Sorority chapters welcome over 200 new sisters

Francisco Castro, Contributor

On Monday, Sept. 3, 2018 Tarleton State University women went through Panhellenic recruitment and had received their invitation to become a member of one of the five sorority chapters found at Tarleton. The five sorority chapters included Alpha Gamma Delta, Alpha Omicron Pi, Delta Phi Epsilon, Delta Zeta and Phi Mu.

Of those 210 new Greek women, 42 women were welcomed at Alpha Gamma Delta, 40 women were united with Alpha Omicron Pi, 41 members found their home at Delta Phi Epsilon, 44 women were lovingly introduced to Delta Zeta and 43 women met their new sisters at Phi Mu. With these new members joining their new homes within these organizations, the overall number of Panhellenic women has increased to 673 members at Tarleton.

“This is my first recruitment from the Panhellenic side, but I feel like recruitment went very well,” Stephanie Chambers, the new Assistant Director of Fraternity and Sorority life, stated in an email communication. “It was amazing to see our student leaders put on such a large event.”

“Recruitment could not have gone better this year,” MaKayla Arthur, Alpha Gamma Delta President, said. “The chapter as a whole has gotten much closer through the process by women beginning to open up to others whom they do not regularly talk to. Coming together and discussing why we all chose Greek Life and Alpha Gamma Delta highlights different connections and strengthens the bond between us. I am excited for the years to come and watch our new members grow and fall in love with the same sisterhood that I did.”

“I believe that this year’s recruitment went really well for my members,” Lauren Onstott, Alpha Omicron Pi President, explained. “This is our third year going through formal recruitment and I believe that each year we have personally been getting better and better. I’ve seen my girls grow and have (improved a lot) which I believe led them to do such a fabulous job. I do believe though that overall going through recruitment was different without Landry.”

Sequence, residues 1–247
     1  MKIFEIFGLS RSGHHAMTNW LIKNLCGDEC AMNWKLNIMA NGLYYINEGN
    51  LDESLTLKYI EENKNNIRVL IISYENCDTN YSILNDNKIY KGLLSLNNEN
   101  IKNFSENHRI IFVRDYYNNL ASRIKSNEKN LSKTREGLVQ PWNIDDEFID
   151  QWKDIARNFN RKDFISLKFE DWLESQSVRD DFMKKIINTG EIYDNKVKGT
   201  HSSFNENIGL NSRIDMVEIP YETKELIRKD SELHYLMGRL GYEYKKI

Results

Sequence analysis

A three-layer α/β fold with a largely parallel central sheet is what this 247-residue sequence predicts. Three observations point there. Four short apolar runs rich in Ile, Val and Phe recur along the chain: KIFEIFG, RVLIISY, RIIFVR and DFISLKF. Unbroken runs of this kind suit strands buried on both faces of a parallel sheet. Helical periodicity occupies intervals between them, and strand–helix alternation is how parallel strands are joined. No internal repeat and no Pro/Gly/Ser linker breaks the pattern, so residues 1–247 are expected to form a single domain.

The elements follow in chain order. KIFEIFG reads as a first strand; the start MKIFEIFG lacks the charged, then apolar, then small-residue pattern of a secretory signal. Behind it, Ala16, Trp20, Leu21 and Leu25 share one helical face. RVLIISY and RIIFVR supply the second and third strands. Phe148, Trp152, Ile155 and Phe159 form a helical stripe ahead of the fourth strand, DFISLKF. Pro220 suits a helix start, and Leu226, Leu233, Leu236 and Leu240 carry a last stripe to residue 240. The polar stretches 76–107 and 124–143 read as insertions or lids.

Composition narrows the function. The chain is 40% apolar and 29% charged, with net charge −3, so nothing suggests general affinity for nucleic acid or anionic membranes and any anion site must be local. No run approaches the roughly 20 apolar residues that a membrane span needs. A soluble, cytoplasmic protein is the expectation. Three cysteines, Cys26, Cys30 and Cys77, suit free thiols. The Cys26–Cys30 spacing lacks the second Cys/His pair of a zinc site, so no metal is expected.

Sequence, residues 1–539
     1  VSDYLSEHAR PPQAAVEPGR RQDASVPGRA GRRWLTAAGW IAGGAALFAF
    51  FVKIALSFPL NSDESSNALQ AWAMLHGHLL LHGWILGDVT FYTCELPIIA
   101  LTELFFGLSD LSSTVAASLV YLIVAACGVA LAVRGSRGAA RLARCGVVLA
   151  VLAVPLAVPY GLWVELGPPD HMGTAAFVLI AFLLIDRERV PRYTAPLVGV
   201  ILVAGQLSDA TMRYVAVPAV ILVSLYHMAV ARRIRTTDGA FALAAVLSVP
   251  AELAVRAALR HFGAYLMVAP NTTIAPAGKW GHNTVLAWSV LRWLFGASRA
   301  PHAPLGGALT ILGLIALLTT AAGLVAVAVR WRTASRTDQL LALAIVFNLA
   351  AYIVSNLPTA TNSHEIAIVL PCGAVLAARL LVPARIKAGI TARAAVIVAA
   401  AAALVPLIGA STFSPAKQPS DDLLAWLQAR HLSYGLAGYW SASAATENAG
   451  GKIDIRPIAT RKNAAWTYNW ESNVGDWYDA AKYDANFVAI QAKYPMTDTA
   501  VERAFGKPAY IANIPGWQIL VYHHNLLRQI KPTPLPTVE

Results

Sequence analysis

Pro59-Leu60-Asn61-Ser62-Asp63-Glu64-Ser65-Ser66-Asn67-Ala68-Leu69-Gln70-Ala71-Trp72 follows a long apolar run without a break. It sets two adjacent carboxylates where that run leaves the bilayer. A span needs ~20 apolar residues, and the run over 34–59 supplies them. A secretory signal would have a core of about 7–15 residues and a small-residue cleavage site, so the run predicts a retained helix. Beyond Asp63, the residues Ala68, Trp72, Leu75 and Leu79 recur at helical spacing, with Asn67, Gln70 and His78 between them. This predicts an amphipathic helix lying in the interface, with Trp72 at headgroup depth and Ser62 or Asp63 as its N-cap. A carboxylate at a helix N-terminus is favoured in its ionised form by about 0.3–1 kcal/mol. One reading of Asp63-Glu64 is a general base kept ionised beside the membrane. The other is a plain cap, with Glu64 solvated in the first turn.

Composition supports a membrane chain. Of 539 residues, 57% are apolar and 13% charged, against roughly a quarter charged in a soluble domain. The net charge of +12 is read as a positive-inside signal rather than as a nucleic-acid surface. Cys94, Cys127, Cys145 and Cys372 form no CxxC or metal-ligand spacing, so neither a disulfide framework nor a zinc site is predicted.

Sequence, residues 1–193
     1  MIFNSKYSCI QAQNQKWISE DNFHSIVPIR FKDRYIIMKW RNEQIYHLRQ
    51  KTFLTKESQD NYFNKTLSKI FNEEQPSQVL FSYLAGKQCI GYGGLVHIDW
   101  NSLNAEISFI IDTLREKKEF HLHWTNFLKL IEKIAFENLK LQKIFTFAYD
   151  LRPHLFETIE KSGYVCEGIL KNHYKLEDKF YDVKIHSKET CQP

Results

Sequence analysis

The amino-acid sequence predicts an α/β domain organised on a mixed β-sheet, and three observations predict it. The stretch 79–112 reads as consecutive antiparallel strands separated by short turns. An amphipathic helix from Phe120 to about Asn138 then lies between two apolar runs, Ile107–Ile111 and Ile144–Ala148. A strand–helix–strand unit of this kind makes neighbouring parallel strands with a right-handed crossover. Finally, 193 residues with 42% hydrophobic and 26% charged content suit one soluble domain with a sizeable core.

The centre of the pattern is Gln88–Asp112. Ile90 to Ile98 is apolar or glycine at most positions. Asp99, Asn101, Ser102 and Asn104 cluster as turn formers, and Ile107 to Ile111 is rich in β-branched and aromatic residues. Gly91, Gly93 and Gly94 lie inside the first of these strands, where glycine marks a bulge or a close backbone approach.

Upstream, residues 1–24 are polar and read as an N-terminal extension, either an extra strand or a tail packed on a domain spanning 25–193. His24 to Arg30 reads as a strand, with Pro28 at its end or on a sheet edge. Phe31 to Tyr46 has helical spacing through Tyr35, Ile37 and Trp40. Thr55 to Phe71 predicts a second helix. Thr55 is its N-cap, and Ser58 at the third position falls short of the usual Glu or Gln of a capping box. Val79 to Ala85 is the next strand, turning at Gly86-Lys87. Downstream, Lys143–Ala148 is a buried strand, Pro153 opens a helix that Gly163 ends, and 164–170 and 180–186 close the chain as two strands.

Landry Underwood was the previous assistant director for Fraternity and Sorority life and Chambers’ predecessor.

“But we didn’t really notice a lot of change which I think was due to Brittanie Keener doing a fabulous job at planning and running the event.”

For those unfamiliar with recruitment, Potential New Members spend three days with the members of the five sororities in order to get to know them and the chapter.

“On the first night of recruitment, all PNMs go to all five chapters and learn about their sisterhood,” explains Chambers. “At the end of the night, PNMs rank the chapters based on those they would like to revisit the rest of the night.

“On the second night, the focus is on Philanthropy.”

Philanthropy’s are the service organizations that Greek chapters support throughout the year.

“PNMs have the opportunity to visit up to four parties, the number varies from PNM to PNM based on the invitations they receive from the chapters. PNMs rank the chapters at the end of the night again.

“The third night, Preference Night, is typically very serious and focuses on the values of each of the organizations. PNMs can visit up to two chapters on this night. At the end of the night, PNMs select the chapter they would most like to receive a bid from.

“Recruitment week ends with Bid Day. In the morning, all the PNMs arrive to the Student Center and are given their bids (basically invitations into the organizations). Organizations then go their separate ways and celebrate their newest members at Bid Day. Organizations typically rent out a space and facilitate interactions so that women can get to know each other.”

While recruitment spanned for only four days, the planning process behind recruitment took 10 months and 32 dedicated women.

“Panhellenic has an executive council of seven members and…26 Recruitment Counselors, also known as Rho Gams, all of which have been working on recruitment week for about 10 months,” said Chambers. “These 32 women disaffiliated from their chapters and coordinate everything for recruitment.”

Chambers added that the planning process included logistics for space, organizing the schedule of events, ordering the provided meals and giving counsel and support to the Potential New Members as they went through recruitment.

“Like every year, recruitment was only possible because of their hard work.”

“We had a number of women not complete the process, this is pretty typical,” Chambers stated.

According to Chambers, Recruitment Week began with 257 women registered and in attendance. Throughout the process, 47 PNM’s decided to not proceed with recruitment.

“Women get into the process and realize that Greek Life wasn’t for them. This year, we had women express to us that Greek Life wasn’t for them, (however) they still indicated that they had a positive experience and got to meet new people that they otherwise wouldn’t have met.”